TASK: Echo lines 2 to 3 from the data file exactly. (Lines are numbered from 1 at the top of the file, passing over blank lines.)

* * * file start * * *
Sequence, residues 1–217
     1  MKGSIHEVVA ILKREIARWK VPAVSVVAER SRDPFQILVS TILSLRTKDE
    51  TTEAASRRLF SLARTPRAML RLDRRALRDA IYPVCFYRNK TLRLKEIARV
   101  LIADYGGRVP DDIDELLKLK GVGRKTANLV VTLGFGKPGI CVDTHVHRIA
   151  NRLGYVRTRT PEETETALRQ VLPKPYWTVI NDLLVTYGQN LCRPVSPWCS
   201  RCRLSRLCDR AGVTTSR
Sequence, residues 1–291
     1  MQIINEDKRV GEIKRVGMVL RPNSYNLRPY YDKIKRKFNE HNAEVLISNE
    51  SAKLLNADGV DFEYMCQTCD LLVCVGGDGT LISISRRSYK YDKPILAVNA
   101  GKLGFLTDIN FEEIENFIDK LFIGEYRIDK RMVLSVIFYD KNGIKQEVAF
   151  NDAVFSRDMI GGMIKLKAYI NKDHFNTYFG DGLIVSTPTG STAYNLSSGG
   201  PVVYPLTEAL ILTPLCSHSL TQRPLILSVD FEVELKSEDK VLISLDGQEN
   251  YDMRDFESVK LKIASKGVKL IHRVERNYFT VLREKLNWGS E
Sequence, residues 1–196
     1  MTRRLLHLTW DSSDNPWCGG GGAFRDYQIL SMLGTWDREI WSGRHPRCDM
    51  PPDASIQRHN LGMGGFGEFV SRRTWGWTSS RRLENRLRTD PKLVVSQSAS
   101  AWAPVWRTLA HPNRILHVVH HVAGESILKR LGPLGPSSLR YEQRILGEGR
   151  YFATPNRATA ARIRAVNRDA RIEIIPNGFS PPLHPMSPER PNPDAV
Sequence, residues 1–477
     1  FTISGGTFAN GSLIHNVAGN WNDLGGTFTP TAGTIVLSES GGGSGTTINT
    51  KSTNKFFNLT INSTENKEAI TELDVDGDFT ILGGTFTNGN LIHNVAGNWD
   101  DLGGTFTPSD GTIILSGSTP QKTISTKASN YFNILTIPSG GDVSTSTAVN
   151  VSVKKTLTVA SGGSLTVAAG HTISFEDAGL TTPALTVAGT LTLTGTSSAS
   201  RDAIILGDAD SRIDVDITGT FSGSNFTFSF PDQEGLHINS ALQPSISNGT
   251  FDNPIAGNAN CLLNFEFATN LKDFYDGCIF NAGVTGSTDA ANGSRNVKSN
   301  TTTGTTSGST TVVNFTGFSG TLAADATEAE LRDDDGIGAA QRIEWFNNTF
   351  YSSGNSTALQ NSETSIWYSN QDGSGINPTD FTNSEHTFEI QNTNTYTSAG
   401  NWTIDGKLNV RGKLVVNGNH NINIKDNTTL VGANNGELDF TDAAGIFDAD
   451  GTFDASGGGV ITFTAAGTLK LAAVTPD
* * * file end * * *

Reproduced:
     1  MKGSIHEVVA ILKREIARWK VPAVSVVAER SRDPFQILVS TILSLRTKDE
    51  TTEAASRRLF SLARTPRAML RLDRRALRDA IYPVCFYRNK TLRLKEIARV